Also to all the readers and posters ( especially Buddy), it was not my intention to take the discussion so off-topic when I wrote my first post here. I am sorry about that. I hope it goes back to it.

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Thank you chiapuris for introducing the word
, although I am not sure if I agree with the location Anna Paskevska is describing the center of dancers to be , because in my opinion the center of gravity is located in the same place of the body on every human-being whether a dancer or not. ( unless she is meaning something else by center). It is in the area just under the naval. In my opinion it is not something that is located in different places on each person such as under the sternum on one person and below the sacrum on another. So I believe that the height of the center of gravity depends on how that area under the naval is placed and controled in relation to other body parts.

Is this some chakra-yogic thing? If so, do dancers believe such a thing generally? How could they even if they believe that the height of that particular area is 'placed and controled in relation to other body parts.' If it is related to yoga, that could make sense to someone who sees things in those ways, but I had never thought that ballet had all that much to do with yoga in the usual technical sense (forgetting all the religious extensions from it that are made to fly off so seemingly without obstacle, perhaps conveniently when it's not a self-evident truth to everybody.)

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Whilst this post has been extremely interesting to read, I am reminded of Sir Thomas Beecham’s remark," A musicologist is a man who can read music but cannot hear it.” I recall this quote not to offend but this post rather like another post in a similar vein, at times seems in danger of forgetting that ballet is first and foremost is a performance art that takes place in front of and for an audience. It does not matter what critics or so called experts say, it is the audience that keeps ballet alive in the 21st century nearly a century after new style dancers in the 1920's had given it the last rites.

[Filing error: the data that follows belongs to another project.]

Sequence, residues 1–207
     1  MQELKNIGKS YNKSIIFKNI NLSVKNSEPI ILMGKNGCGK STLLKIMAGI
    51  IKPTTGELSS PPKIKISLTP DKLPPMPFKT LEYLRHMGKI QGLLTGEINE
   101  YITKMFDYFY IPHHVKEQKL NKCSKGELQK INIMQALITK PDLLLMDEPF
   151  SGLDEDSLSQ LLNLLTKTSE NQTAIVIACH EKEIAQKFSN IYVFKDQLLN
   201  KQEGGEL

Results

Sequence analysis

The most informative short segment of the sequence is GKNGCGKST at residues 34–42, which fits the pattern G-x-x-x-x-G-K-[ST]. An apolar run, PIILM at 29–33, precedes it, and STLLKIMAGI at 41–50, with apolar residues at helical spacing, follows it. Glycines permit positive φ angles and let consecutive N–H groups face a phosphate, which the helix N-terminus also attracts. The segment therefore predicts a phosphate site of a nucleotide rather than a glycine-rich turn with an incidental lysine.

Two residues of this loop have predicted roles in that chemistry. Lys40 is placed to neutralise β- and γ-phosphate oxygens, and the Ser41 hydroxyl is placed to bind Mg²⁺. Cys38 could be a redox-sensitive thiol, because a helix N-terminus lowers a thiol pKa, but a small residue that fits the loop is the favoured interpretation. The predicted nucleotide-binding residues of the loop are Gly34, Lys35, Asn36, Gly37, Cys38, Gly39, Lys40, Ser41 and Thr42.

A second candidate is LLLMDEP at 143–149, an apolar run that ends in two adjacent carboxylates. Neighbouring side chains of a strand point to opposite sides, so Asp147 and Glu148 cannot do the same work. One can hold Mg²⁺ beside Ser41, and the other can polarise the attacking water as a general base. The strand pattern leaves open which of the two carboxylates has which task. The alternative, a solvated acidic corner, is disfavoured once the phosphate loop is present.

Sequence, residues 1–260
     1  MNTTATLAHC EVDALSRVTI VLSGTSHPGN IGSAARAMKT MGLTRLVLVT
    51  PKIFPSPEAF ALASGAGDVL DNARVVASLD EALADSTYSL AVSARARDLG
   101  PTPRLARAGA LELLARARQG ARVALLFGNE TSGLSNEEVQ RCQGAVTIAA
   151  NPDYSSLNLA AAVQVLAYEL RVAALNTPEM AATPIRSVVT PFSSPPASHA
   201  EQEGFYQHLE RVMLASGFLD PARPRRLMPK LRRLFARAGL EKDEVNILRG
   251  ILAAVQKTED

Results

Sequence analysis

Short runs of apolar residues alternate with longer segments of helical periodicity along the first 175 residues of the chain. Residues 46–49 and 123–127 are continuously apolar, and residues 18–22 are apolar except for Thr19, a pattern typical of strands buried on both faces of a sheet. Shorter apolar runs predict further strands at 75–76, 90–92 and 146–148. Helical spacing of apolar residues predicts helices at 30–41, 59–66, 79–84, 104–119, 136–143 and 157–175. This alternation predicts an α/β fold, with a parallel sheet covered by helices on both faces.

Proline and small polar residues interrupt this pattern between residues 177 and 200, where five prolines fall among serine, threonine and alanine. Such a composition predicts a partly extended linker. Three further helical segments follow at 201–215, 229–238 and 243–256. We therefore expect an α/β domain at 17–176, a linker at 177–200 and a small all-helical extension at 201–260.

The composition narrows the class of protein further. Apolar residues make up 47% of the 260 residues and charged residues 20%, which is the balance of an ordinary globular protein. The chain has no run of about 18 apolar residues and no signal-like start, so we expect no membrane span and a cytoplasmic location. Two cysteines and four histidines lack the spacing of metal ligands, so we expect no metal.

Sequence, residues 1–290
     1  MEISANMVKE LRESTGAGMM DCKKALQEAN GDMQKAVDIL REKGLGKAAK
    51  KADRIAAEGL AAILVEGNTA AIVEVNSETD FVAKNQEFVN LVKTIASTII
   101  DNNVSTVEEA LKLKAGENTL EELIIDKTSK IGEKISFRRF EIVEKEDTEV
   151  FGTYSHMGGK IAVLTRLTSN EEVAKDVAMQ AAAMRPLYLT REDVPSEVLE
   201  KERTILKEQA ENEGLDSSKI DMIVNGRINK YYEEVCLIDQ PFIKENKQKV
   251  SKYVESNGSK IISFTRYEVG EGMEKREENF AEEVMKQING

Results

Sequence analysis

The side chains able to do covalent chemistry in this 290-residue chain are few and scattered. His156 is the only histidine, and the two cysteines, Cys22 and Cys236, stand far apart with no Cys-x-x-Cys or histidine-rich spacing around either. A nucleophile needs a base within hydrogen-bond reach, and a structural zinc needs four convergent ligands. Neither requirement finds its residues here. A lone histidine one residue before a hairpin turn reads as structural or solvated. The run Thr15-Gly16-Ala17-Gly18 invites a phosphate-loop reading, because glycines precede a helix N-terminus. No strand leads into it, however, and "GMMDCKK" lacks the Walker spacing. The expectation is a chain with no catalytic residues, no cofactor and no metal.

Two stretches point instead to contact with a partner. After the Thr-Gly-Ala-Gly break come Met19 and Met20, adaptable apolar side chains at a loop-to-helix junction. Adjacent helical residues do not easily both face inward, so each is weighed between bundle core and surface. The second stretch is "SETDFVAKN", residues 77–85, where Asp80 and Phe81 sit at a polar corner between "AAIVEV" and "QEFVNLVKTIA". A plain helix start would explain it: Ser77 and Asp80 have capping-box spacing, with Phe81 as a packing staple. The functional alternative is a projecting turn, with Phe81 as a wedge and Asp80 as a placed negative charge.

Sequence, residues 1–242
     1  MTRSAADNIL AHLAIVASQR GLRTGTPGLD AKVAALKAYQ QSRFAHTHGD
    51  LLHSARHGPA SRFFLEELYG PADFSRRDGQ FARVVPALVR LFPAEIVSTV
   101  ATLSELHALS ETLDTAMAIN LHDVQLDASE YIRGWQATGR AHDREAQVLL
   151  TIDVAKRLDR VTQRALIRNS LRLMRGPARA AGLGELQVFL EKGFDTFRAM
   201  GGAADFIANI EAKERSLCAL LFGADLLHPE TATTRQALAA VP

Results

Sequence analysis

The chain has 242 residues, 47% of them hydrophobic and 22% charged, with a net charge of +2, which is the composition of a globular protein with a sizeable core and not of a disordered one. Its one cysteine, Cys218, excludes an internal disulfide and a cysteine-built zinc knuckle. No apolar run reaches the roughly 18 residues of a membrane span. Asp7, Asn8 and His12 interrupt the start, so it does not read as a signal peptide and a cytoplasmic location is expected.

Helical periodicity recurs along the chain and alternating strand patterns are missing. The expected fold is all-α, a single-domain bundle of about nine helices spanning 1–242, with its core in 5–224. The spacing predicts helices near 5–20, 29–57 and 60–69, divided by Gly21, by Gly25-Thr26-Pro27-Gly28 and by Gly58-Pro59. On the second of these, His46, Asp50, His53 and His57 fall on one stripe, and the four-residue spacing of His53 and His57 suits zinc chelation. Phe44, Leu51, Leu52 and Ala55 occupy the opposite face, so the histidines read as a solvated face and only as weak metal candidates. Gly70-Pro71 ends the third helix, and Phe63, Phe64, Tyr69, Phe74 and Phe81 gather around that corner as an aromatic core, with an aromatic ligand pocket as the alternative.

In the theatre, ballet is presented to be appreciated and enjoyed and all considerations of dancer’s physical attributes and methods of training and placement mean nothing except to reduce ballet to a physical event when it certainly is much more than that. Narrow views are to be abhorred and judgements are only personal views no matter whether they emanate from Auguste Bournonville, or any other luminary of dance teaching. I mention August Bournonville very particularly as he created a very strict method for the classroom but all his ballets rely on the effect created by outstanding dancers with personality and whose individual attributes made them special. It is this kind of individuality in a dancers that enabled his ballets to survive, not the story or choreography alone because, ONLY DANCERS MAKE A BALLET LIVE.

Those dancers that for some, seem to meet a personal ideal in physique and training may never become an audience favourite because the best examples of what a ballet dancer should do on stage, always go beyond the point of physical and technical analysis. To not understand this, is to not understand ballet on stage. I am however not in favour of seeing dancers stumbling through choreography and I defy anyone to say that Dame Margot Fonteyn (who never stumbled through steps because she was an artist of the ballet) should not been a ballet dancer because she did not have the correct or incorrect development of buttocks or that her centre of gravity was in the wrong place, or her technique was weak.

Favourite dancers of mine included Osipenko, Kolpakova and Sizova, Dancers of a refined artistry and exemplary schooling. What they brought to the stage in entirely different ways would probably meet suggested standards for most observers. I can tell you however, that I have heard these dancers criticized by knowledgeable teachers of some repute. All discussions are futile if based only on regimented point of view because, you stop talking to people and only talk at them. I would like to quote one of my favourite English poets, "Knowledge is proud that he has learn'd so much; Wisdom is humble that she knows no more." William Cowper.